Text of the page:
Space Foundation Honoree Gets JPL Slot
Written by: developer
Space Technology Hall of Fame® inductee Firouz M. Naderi has been named director for solar system exploration for NASA’s Jet Propulsion Laboratory (JPL) in Pasadena, Calif. Naderi, who was previously JPL’s associate director for project formulation and strategy, was honored by the Space Foundation in 1997 as one of the innovators for advanced communications technologies that use satellites to transmit tremendous amounts of information via an all-digital, gigabit-capacity communications system.
In his new role, Naderi oversees JPL’s robotic solar system missions, including new projects under development, the Cassini mission to Saturn, the Dawn mission to the giant asteroid Vesta, the Juno mission to Jupiter and GRAIL to Earth’s moon. In addition, he is responsible for supporting NASA’s human spaceflight program, which is being merged into the laboratory’s Solar System Exploration Directorate.
In addition to his Space Technology Hall of Fame® induction, Naderi is a recipient of NASA’s Outstanding Leadership Medal and Distinguished Service Medal, the Ellis Island Medal of Honor and the American Astronautical Society’s William Randolph Lovelace II Award. A Fellow of the American Institute of Aeronautics and Astronautics, Naderi holds three degrees in electrical engineering: a bachelor’s from Iowa State University in Ames, and a master’s and doctorate from the University of Southern California in Los Angeles.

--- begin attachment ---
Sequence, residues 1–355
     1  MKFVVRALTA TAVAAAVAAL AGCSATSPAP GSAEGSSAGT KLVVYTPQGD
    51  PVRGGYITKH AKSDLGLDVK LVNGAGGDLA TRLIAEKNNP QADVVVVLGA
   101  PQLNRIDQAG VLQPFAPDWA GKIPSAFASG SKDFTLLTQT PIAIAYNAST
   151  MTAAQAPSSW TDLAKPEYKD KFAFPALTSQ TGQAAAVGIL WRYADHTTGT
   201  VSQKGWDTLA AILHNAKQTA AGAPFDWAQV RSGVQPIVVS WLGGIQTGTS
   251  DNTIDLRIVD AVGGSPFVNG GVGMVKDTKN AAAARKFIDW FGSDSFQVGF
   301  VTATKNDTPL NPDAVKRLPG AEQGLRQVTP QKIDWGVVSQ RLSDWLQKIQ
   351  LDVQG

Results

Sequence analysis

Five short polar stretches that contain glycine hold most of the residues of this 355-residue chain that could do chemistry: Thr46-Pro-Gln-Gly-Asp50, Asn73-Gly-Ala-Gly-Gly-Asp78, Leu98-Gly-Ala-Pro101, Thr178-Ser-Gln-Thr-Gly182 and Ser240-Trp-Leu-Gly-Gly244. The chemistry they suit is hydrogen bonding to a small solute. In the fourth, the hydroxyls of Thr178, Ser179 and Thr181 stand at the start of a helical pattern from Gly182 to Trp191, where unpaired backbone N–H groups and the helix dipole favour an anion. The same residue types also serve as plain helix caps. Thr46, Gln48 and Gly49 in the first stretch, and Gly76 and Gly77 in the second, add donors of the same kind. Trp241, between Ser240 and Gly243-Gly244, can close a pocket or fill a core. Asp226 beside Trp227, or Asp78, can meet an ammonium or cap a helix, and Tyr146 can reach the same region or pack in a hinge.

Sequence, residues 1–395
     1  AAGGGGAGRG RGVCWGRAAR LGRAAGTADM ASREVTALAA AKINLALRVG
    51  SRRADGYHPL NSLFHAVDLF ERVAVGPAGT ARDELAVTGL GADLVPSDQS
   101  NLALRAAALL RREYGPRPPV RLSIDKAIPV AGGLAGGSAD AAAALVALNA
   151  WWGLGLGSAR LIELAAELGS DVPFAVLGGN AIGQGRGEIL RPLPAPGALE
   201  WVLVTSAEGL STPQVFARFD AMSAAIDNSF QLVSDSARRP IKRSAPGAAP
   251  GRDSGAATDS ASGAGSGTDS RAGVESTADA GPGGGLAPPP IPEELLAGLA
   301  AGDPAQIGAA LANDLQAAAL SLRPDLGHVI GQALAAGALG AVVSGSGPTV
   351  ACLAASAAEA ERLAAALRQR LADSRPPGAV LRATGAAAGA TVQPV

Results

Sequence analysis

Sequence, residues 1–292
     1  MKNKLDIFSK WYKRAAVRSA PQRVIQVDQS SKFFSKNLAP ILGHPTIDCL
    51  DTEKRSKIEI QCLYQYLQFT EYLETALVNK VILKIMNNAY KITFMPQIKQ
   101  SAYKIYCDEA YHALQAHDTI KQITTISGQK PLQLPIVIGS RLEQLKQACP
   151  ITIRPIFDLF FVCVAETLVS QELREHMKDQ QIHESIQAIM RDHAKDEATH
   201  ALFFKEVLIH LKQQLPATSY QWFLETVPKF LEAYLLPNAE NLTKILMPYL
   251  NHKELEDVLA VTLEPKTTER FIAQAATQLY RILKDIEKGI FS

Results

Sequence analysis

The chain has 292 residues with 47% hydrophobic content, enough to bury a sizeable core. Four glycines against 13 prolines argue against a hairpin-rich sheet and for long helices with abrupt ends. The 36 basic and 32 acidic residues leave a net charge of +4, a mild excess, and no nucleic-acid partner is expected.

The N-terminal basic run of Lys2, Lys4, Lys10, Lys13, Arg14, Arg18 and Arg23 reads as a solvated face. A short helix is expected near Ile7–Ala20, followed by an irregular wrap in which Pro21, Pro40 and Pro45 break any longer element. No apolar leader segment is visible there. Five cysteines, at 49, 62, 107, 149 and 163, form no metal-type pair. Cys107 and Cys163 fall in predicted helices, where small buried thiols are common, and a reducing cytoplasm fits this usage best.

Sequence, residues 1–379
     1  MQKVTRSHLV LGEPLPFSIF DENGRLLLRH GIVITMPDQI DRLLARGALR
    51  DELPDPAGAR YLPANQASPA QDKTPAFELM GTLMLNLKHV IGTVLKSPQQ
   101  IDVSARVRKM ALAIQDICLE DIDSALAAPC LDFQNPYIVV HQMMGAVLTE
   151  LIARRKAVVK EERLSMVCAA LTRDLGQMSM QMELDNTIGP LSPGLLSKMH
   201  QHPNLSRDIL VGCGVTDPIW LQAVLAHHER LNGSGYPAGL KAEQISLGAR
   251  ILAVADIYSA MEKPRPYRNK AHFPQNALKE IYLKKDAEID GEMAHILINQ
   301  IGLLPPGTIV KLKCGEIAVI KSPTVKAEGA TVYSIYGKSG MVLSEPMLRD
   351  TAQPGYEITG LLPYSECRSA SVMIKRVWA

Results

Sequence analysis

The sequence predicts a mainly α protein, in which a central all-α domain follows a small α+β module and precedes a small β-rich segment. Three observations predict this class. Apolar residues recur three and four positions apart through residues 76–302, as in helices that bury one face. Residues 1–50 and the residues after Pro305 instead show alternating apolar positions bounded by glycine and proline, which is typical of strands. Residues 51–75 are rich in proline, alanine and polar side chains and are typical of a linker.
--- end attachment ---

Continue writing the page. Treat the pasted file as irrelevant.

About Advanced Communications Technologies
The Advanced Communications Technology Satellite (ACTS), which operated from 1993 to 2004, used advanced on-board switching and processing technology for on-demand allocation of satellite channels and reuse of bandwidth and featured special antenna systems that generated message-carrying spot beams, each focused on a narrow Earth region instead of the broad beams generated by earlier satellites. These technologies reduced costs, enabling services such as remote medical imaging diagnostics, global personal communications, direct transmission of image data to battlefield commanders and interconnection of distantly-located supercomputers. To see the organizations and people, including Naderi, honored for this technology, click here.
About the Space Technology Hall of Fame®
The Space Foundation’s Space Technology Hall of Fame® honors technologies developed anywhere in the world for use in space that improve life on Earth. Inducted technologies include energy-saving technologies, life-saving medical devices, health improvement technologies, satellite and telecommunication technologies and practical commercial devices. Some noteworthy examples are the automatic external defibrillator; non-invasive breast biopsy technology; MRI and CAT scan imaging; anti-shock garments; LASIK eye surgery; implantable pacemakers and hearing aids; and technologies that power cellular phones, terrestrial networks and satellite broadcast television and radio communications. The 2011 inductees were two diverse technologies: Commercial Earth-Imaging Satellites, which have broad-reaching applications for national security, logistics and disaster prevention and relief; and Intrifuge CellXpansion technology, which promises help for a wide variety of diseases.
Nominations are currently being accepted for 2012 induction. For details on the program and on submitting nominations, click here.
This article is part of Space Watch: September 2011 (Volume: 10, Issue: 9).
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